Quivira 1997 and 1998, Dry Creek Valley. I decanted these wines to try together, expecting the 1997 (an excellent vintage in California) to be the superior of the two. It was musty and funky on the nose--no fruit. We set it aside--"don't judge it yet," I said. "After all, it's been confined in that bottle for thirteen years; let's give it some time to flex." The 1998 was a more pleasant surprise--plenty of fruit, tannins mellowed, still berryish, smooth and attractive. Half an hour into our meal, however, the 1997 had bloomed, showing lovely black raspberry fruit, slightly smoky, richly textured, very delicious with our pot roast. In fact, it got better and better, revealing more layers of flavor--and totally eclipsing the 1998, which had flattened somewhat and now had none of the complexity or wonderful length of the '97. Though both wines surprised and delighted me, the '97 really showed its breed. It had aged like a fine claret--likely because of its excellent balance (13.5% alcohol, unheard of for Zin today!).
Rancho Zabaco Reserve Zinfandel 2000, Dry Creek Valley. Dry Creek Valley is one of the stellar places for great Zinfandel, so I shouldn't have been surprised by this wine's outstanding character and flavor, even at 10+ years. Still dark and deep, due perhaps to the addition of petite sirah, still powerful (14.3%) in ripe berry fruit with a hint of black pepper. Not especially complex, but a handsome red, plushly drinkable.
Bodes well for the remaining wines of the case.
Tignanello 1994, Antinori Vineyards, Tuscany. Decanted 2/2011, for my wine class at Duke. Simply lovely! What a great moment to catch this wine--the color still firm, the fruit rich and beautifully evolved with complex flavors of black plum, ripe berries and a hint of currant and wood; smooth, silken texture. Made from 80% sangiovese, 20% cabernet sauvignon, it was superbly balanced and wonderful to savor as it lingered elegantly in the glass to the very last drop. If you have it, enjoy it now (or soon).
Shafer 1983 Merlot, Napa Valley. Decanted. Stunning! Bet you wouldn't think a Merlot of any stripe could age 27 years--but this one has, and beautifully. Spicy cherry flavors, tannins fully mellowed but the fruit still has vigor-- it's simply delicious to drink now (and could quite possibly give Pétrus of comparable age a run). Interesting to note its alcohol of 12.7%. Will the 2001, which I had a few weeks earlier, age as well???
Shafer Merlot 2001, Napa Valley. Decanted. Quite vivid and appealing; certainly not your typical Merlot (but Shafer Merlots have never been "typical"!). Vivid color, good fruit concentration, nicely evolved with somewhat tamed tannins and rich texture. I wouldn't necessarily have thought it would age so nicely, since it's a powerful, full-bodied wine (14.9% alcohol), but the fruit was ripe enough--and not overripe or raisiny--not only to last but evolve into interesting flavors with complex aromas of black currants, smokiness and dried flowers.
Château Prieuré-Lichine 1982. Decanted. Well, it couldn't last forever. This '82 from Margaux in the Haut-Médoc is well past its peak. Alas. I'm wondering what to do with the ramainder of my of my case! Fall 2010
Grgich Hills Cabernet Sauvignon 1988, Napa Valley. Decanted. Terrific. Over Labor Day (2010) with friends on Bald Head Island. With grilled rib-eyes. Superbly evolved Cabernet, smooth but complex, with layered aromas and flavors of black currants, cedar, and an appealing smokiness. Fine balance, still vivid and lively.
Jordan Vineyards 1979, Alexander Valley. Decanted. I live for wines like this! Thirty-one years old, yet possessed of rich color; complex aromas of black fruits--currants, plums, berries mingled with a slight smokiness. Great balance and acidity, a bgeautifully evolved Cabernet, with smooth but still vivid texture and layers of lovely flavors. Kudos to Rob Davis (and his mentor and consultant, the late great Andre Tchelistcheff). This is the kind of wine that makes an evening utterly memorable. [7/10]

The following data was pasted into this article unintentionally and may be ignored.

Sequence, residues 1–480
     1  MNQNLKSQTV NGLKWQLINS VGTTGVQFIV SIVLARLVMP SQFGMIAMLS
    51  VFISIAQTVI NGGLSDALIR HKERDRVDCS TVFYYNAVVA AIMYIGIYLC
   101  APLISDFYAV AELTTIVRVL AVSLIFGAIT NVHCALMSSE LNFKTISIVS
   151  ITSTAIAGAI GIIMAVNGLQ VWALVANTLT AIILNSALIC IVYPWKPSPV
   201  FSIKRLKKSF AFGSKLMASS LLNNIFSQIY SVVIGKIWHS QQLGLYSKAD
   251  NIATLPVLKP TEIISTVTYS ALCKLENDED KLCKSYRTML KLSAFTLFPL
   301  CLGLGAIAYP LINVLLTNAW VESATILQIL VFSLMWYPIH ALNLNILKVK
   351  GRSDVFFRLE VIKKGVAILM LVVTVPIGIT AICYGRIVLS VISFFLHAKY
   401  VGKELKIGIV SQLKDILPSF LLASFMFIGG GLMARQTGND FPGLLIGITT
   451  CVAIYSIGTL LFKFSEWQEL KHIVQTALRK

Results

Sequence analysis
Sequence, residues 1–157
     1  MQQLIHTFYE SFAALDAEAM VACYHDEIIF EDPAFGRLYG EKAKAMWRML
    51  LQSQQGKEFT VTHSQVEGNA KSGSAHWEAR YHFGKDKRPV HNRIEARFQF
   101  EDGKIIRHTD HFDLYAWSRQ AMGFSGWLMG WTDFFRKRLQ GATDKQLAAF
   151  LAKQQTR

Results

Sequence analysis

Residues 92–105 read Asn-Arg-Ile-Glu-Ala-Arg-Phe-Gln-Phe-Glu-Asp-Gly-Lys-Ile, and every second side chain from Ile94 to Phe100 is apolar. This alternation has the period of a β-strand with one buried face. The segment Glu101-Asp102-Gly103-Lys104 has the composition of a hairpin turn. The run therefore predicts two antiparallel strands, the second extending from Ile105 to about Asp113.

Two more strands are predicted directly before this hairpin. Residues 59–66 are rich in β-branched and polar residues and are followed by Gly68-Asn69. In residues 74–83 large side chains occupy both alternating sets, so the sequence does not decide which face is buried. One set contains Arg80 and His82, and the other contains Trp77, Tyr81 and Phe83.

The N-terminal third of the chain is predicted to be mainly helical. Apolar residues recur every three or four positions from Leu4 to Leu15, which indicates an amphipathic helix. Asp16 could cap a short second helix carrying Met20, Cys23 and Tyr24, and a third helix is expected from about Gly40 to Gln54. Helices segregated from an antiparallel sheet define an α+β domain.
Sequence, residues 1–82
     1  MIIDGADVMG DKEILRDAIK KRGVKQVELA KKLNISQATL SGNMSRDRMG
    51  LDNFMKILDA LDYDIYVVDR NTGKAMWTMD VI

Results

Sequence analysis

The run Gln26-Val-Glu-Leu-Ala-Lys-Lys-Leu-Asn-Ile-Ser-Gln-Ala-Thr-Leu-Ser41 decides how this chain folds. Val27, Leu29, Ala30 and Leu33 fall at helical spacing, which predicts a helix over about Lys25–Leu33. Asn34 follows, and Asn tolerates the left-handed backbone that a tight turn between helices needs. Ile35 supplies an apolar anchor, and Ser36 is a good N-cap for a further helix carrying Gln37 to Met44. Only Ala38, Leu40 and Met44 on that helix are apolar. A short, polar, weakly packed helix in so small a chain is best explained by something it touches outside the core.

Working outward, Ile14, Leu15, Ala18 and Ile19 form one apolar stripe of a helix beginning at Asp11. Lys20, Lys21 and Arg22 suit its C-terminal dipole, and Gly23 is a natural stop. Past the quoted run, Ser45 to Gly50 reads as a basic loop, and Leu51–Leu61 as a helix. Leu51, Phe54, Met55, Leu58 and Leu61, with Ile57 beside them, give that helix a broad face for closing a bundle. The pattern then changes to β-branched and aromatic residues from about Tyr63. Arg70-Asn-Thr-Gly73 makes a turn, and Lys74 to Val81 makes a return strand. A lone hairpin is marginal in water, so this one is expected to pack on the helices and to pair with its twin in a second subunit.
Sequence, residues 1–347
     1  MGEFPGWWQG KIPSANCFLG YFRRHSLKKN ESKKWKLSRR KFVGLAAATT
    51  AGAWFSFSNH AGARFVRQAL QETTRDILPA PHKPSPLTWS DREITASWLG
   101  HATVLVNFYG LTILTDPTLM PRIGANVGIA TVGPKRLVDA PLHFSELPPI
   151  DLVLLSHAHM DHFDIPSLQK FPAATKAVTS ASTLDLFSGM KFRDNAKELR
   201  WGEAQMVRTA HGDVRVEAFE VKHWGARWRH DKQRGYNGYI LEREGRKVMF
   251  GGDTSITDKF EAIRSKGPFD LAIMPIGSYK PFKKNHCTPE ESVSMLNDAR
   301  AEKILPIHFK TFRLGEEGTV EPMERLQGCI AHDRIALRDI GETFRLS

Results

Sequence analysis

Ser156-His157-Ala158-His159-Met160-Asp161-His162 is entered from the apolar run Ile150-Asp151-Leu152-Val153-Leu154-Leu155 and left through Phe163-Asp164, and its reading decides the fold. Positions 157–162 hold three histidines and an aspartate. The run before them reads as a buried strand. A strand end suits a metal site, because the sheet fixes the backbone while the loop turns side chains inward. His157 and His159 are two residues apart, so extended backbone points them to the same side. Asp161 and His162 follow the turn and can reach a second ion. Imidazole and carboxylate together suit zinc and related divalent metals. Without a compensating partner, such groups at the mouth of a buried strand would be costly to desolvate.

from NC: Women in NC Wine: see Edible Piedmont, Spring
2015 watch for it at Whole Foods
NC Wine Exclusive: There's a little spot in Wake Forest that stocks only North Carolina wine --Jenn's Vin at The Factory on Main offers afternoon and early evening tastings (4-8 pm) of some very good NC wines from top wineries, including Shelton, Biltmore, Jones von Drehle, Rag Apple Lassie, RayLen. Jenn Norris, who grew up in the Yadkin Valley, is proud of her home territory's wines and decided to share her enthusiasm. Her countertop mini-wine bar backs up against the ice-skating rink at The Factory, which attracts local soccer moms and dads but also soccer tournament visitors from Long Island, Pennsylvania, Connecticut, even Canada--who have returned home with bottles of NC wine. It's a keen spot for watching the action on ice and enjoying a sip of some very good NC wines. Featured recently: Biltmore's Blanc de Blancs sparkling, RayLen's Category 5 blended red, Jones von Drehle Tempranillo and Blackberry wine. Well worth a weekend detour for Triangle wine lovers. Check out her Facebook page: https://www.facebook.com/jennsvinncwines
Traveling west in North Carolina? On your way from the Triangle or Triad you'll be near the Yadkin Valley, home to the lion's share of NC vineyards -- so take a short segué and stop in for tasting. A complete listing--maps, phone numbers and websites--is here: www.ncwine.org/wineries
North Carolina is home to over 140 wineries. The state has long excelled with Muscadine grape varieties, native to the region...and still does. But wines from Vitis vinifera, the European grape varieties (syrah, chardonnay, pinot gris, viognier, the cabernets, merlot, as well as Italian and Spanish varieties) are doing the state proud with full-flavored, well-balanced wines that are very good to drink.
Wine 'growlers' ?? You may know the term for beer, served in liter or 1.5 liter refillable jugs, but it's an old and traditional wine concept in Europe, where it's common in the countryside to take your own jug to the local wine vendor or cooperative for refill. I'd much prefer this practice to boxed wines--brings new meaning to the term "drink local." But who does it? And where?
In Virginia, Michael Shaps Wineworks near Charlottesville has adapted the practice--the first to do so in the U.S. as far as I know--and it's one I hope takes off. Available in both white and red blends, growlers are a one-time $10 cost for the “jugs” and $25 to fill with wine. The growler is a half gallon, equivalent to 2 1/2 bottles of wine. That’s just $10 per bottle! Stop by the winery and be the first in Virginia to own your very own wine growler." virginiawineworks.com